Christy McGuire participated in the May 2018 training at LaRoche College, then returned in November 2018 as a role player and member of the Education & Training Team. She is particularly interested in collaborating with educators around racial equity and culturally relevant pedagogy, as well as in exploring humans’ various ways of knowing. Christy is a learning scientist as well as a lifelong learner. She earned a Ph.D. in cognitive and experimental psychology from Georgia Tech in 2001, and recently returned to school for an Ed.D. in social and comparative analysis in education at the University of Pittsburgh. In between these schooling experiences, she served as an area director for Elderhostel (now Road Scholar) and a research manager for Carnegie Learning. She also co-founded an educational technology startup company, Tutor Technologies. Currently, she is a freelance academic editor as well as a graduate research assistant at the Center for Urban Education at the University of Pittsburgh. Here, she reflects on her experiences in conversation with Forage Center administrative specialist Catherine Cousar.
Q: How did participating in a Forage Center training at LaRoche College as a student in May 2018 impact you?
A: This training felt like a once-in-a-lifetime experience — I know that sounds totally cheesy, but it’s true! I learned from and with some phenomenally talented, brilliant, empathic people from all over the world. I also made a really great friend with a fellow participant, Eve, who lives in Rwanda. During the initial classroom-based days we engaged with experts from a variety of fields that intersect with humanitarian work, including a video chat with someone working at a refugee camp in Bangladesh! My experience last year compelled me to learn more about humanitarian work itself, as well as about how to plan and conduct simulation-learning experiences.
Q: How did returning to the Coastal Promise exercise in November 2018 as a role player and member of the Education & Training Team impact you?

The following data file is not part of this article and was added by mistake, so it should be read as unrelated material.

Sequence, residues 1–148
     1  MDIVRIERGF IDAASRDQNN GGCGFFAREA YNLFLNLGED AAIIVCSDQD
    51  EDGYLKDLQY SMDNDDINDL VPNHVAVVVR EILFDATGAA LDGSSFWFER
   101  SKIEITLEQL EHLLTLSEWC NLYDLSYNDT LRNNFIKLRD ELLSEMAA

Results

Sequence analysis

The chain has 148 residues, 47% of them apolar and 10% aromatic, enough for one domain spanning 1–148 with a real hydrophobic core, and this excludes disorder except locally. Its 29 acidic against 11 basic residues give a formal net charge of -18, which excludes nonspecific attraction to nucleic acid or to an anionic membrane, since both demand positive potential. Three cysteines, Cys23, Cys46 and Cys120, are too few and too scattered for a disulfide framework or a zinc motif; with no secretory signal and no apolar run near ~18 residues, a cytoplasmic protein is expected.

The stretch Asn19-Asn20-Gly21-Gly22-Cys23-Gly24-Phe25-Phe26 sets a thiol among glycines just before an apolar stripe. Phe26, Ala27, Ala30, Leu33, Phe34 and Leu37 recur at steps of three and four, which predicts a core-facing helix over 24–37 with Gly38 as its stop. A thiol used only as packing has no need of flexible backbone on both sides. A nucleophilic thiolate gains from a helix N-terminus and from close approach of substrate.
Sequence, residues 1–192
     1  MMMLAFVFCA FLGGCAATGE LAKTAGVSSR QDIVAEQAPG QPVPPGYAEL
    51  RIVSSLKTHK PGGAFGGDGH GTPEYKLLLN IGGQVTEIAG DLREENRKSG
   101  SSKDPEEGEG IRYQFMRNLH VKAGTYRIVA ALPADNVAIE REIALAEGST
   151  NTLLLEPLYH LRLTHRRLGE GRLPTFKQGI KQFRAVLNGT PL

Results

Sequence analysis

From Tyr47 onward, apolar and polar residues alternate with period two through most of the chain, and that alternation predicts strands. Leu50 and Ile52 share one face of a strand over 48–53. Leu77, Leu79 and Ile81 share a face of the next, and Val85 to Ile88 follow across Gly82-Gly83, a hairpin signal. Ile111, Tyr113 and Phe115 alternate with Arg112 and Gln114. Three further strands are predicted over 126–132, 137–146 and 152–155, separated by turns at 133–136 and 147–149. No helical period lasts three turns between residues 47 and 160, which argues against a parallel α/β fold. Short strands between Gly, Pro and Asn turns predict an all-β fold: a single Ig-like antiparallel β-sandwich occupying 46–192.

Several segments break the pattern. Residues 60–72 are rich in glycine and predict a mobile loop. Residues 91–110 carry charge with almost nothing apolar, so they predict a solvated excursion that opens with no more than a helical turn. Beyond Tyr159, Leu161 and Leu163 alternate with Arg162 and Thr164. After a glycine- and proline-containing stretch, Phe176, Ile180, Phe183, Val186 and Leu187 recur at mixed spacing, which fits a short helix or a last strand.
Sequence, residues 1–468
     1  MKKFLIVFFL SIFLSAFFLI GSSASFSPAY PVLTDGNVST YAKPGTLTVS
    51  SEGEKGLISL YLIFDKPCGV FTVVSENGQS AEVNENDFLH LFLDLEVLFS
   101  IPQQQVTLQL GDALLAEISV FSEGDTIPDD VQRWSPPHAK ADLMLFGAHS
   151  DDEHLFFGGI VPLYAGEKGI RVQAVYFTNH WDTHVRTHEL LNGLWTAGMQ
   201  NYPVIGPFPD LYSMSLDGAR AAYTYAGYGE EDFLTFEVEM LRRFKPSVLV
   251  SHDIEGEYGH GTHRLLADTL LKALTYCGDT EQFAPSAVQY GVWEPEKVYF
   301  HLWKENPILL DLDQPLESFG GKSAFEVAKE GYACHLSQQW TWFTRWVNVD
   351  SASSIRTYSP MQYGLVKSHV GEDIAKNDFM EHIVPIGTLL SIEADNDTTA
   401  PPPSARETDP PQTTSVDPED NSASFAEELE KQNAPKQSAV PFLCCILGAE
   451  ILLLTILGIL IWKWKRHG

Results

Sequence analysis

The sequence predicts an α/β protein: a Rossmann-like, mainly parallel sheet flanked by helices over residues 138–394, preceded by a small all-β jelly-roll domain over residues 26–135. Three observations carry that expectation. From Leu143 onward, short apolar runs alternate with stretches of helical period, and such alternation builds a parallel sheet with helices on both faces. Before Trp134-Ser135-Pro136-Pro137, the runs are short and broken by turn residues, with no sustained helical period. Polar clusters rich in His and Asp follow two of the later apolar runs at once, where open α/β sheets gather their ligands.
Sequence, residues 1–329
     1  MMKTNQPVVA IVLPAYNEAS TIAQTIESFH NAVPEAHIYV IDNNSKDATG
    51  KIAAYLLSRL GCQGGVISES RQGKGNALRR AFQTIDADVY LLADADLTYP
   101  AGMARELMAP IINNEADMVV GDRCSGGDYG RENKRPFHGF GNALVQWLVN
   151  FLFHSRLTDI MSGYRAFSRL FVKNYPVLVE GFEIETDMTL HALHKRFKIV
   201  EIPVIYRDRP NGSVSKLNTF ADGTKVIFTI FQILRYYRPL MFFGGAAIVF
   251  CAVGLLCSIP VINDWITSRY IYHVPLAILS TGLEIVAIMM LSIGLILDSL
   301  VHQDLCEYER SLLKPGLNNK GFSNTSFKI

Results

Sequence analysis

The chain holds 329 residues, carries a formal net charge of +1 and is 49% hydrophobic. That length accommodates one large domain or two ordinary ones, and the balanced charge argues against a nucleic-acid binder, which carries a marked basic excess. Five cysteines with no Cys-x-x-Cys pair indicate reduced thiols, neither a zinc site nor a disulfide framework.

A: I had so much fun! Role playing uses parts of my brain that I don’t get to exercise that often — especially semi-improvisational acting. Working with the E&T team behind the scenes was incredibly fulfilling; because we have such diverse professional backgrounds, each of us approaches the world from a different perspective, which I believe helps to create learning experiences that are theoretically grounded as well as practical.
Q: Can you recall something about the exercise that has helped you in your studies and work?
A: The LaRoche training provided context for my research at the time: educational technology for IDPs (internally displaced persons) in Haiti. What I learned during the May 2018 exercise helped me with everything from the literature I searched for (key words I wouldn’t have otherwise considered using as search terms) to the research questions and hypotheses that I generated. Essentially, I was better able to consider issues in more meaningful and practical ways, and to more fully grasp the needs and limitations around educational technology following a disaster.
Q: What are your future plans?
A: By the time I complete my Ed.D. work and dissertation research, I hope to be actively engaged in equity work with white K-12 teachers, helping them recognize and identify their implicit biases — especially racial biases — and offer support as they process this information and move towards more equitable teaching and discipline practices.